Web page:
second day in Xi'an: gazing at the warriors
18.05.2009 - 18.05.2009
May 18, 2009
It's raining today...only a light drizzle. After a few hours it became a gorgeous day. Bright, sunny, and warm First stop of the day is the Terracotta Factory. The tour was a bit short for a process that looked so long and involving. I would have liked to see the process as done on the scale 2000 years ago. I found it interesting that each soldier had it's own unique facial features. The things you can get done when you're not distracted with television, eh?
We traveled to the actual terracotta site after that. It was divided into three pits; the site for uncovered and covered soldiers, pits of broken statues, and chariots and weapons. I especially enjoyed the chariots (I'm a sucker for horse statues for some reason....). The main pit (Pit 1) looks much, much larger in pictures (how ironic). But considering they're not even done excavating the area means there's much more to uncover. They say in about 100 years they'll have the entire tomb uncovered and mapped out. More power to them, eh.
It's rather mind boggling that a single emperor (Qin Huangdi for those not well versed in Chinese history) could accomplish such a feat. It's a little unfortunate that his 3000 concubines had to be buried alive....
On our way to lunch we passed by the actual burial site of Huangdi. It was a moderately large mound-no signs, bells, or whistles. It just looked like a decidedly out of place mound with grass growing on it. Mind you, the actual burial site was a few minutes' bus drive away from the site of the terracotta army. Quite a gargantuan tomb. He said he wanted the largest tomb in the world and he got his wish (yes, the site is larger than the pyramids...).
In retrospect, I'm glad I went to the High Museum when they featured the soldiers. At the actual site in China, you're standing up over the pit and are unable to get close to them. At the High you were a few inches away and could really take in the detail and craftsmenship of the work. Ah well, I got the best of both worlds...fufufufu.....
The next stop on our trip were the hot springs. I thought they were actual hot springs we could swim in (the only reason I brought my bathing suit) but it wasn't. Apparently there IS a place behind it where you can swim, but we didn't know about that until way after we left. The hot springs were centered around the story of an emperor (forgot which one, shame on me) who fell in love with a woman who was a little plump. The standard for women's beauty at the time were the thin, skinny women. His advisors told him to pick other women (or atleast get concubines) but he refused because he loved her so much. They have a statue of her in one of the fountains. What's left of the hotsprings are the hollowed out pits the water used to be kept in. It was pretty cool, I must say. There was even a spot to soak your feet (after paying some money). I skipped out, mostly because the group had to meet back in a few minutes.
The hot springs also had a spot where Chiang Kaishek stayed (he had his own bath..fufufu). As a brief aside of background story, Kaishek was a Nationalist who hated the communist party and wanted them destroyed (this occured around the 30's). But at this time China was fighting the Japanese and both the Communists and Nationalists hated the Japanese. During the night, communist troops stormed the springs, killed the guards, and hunted down Kaishek. He tried to hide but they found him and more or less forced him to join forces with the communists on a united front against the Japanese. During the raid, as it were, there are still bullet holes in the glass and brick of the some of the buildings. And wow, those were some BIG bullet holes. I can't imagine hearing gunfire in the middle of the night. Oh wait, I live in south augusta. I can imagine.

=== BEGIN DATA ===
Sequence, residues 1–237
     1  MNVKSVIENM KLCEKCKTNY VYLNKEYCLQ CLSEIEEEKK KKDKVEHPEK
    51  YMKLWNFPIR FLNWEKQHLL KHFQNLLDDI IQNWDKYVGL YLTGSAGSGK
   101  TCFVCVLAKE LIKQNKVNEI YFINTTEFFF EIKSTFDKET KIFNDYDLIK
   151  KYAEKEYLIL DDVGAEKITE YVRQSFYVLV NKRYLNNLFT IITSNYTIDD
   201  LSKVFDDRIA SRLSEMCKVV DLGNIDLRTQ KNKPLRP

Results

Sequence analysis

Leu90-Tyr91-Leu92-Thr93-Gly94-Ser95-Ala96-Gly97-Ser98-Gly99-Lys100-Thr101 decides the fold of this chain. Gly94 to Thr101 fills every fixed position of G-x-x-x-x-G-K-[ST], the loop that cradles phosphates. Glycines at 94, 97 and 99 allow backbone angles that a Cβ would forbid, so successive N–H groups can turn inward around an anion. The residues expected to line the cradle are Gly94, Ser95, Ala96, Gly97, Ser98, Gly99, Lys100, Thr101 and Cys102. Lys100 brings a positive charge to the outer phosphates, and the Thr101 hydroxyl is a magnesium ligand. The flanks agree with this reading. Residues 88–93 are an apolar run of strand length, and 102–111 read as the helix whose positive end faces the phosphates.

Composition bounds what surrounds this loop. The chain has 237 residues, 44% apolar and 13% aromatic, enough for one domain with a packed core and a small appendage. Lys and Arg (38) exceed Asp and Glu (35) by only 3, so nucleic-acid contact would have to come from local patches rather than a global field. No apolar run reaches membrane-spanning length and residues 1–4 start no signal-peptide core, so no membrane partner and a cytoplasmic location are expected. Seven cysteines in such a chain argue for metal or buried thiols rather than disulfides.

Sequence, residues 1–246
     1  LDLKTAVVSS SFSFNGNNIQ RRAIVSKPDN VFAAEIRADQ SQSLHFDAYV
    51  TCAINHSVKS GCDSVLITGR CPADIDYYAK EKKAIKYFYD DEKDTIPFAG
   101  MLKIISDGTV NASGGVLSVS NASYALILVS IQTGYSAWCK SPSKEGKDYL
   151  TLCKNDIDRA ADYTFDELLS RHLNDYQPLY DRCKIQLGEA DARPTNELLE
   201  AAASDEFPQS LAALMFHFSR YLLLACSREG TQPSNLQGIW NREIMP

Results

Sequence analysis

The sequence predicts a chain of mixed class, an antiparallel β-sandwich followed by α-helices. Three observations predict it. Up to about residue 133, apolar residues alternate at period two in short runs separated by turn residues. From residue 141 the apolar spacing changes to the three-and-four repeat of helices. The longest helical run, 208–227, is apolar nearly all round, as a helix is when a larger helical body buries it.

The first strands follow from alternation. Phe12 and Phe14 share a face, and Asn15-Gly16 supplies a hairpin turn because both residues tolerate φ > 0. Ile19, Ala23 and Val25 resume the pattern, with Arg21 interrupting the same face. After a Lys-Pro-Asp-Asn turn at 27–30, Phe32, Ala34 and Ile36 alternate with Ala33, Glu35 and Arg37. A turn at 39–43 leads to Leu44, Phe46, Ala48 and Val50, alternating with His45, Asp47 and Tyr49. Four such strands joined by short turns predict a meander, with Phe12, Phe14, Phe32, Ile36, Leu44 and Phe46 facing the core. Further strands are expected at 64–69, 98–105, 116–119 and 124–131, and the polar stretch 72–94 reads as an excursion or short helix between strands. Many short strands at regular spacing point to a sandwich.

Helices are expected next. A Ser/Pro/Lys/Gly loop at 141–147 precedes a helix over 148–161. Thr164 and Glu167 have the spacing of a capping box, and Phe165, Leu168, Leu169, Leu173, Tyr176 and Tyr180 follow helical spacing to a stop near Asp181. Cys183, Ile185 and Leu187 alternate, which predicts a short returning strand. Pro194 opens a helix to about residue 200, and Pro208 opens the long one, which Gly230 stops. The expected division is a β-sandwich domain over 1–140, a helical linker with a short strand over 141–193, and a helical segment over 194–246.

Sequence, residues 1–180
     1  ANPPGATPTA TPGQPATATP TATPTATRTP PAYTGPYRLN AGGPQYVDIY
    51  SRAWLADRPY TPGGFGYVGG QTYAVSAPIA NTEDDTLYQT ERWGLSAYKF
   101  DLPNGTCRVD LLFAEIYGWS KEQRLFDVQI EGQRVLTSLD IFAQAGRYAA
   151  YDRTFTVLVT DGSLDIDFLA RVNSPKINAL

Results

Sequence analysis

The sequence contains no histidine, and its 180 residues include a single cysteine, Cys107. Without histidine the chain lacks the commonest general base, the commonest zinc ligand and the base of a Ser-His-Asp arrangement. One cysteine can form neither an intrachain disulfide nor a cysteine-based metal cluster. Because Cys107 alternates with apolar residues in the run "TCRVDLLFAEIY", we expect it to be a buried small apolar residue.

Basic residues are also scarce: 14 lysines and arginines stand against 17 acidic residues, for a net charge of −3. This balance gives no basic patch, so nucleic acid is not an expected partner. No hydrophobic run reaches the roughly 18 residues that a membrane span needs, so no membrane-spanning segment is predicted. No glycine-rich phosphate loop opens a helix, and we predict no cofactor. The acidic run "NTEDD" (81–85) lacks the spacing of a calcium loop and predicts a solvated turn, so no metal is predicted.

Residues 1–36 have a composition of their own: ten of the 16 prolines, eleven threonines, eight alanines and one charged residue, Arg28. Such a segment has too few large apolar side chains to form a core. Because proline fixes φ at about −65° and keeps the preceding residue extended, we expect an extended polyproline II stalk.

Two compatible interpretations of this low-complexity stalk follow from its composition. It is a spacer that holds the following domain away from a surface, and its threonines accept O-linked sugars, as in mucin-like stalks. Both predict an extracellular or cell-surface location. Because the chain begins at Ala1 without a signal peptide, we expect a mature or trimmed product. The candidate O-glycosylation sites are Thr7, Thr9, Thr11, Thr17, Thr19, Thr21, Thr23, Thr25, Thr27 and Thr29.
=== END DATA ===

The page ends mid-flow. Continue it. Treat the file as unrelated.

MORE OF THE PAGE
Kaishek had an interesting saying: "Communism is a disease of the skin, Japanese is the disease of the blood." And of course, you cure the disease of the blood first. And for any of you wondering, yes, a lot of China still hates Japan. Read up on the Nanking Massacre and you'll find out why.
After the hot springs was a really crappy touristy Tang Dynasty show. It was hardly politically correct. The women wore costumes that exposed their midrifts, the characters wore these neon blue and green outfits. Those costumes didn't exist in the Tang period and those colors didn't either. Heck, I wish those colors didn't exist today. The show was only good if you wanted to see a bunch of pretty colors and dances. The music wasn't even politcally correct. Violins didn't exist back then. Some of them were dancing to classical western music. What the heck. One of my profs detested it because it was so off from Tang Dynasty accuracy. If you're going to modernize something, go all the way. Don't half arse it. Yeesh.
When we returned to our hotel, a few of us went to the Vanguard, a Chinese supermarket three stories tall. A lot of products were really cheap. I was looking for some facial wash and almost every single one said "whitening". Being pale is considered beautiful in China, so they have a lot of products that essentially bleach the melanin in your skin. No offense, but I don't want to "whiten". Ironically, they have some of the clearest, healthiest skin I've ever seen. Of course, when you have a thin veil of chemicals covering something, it almost always looks pretty.....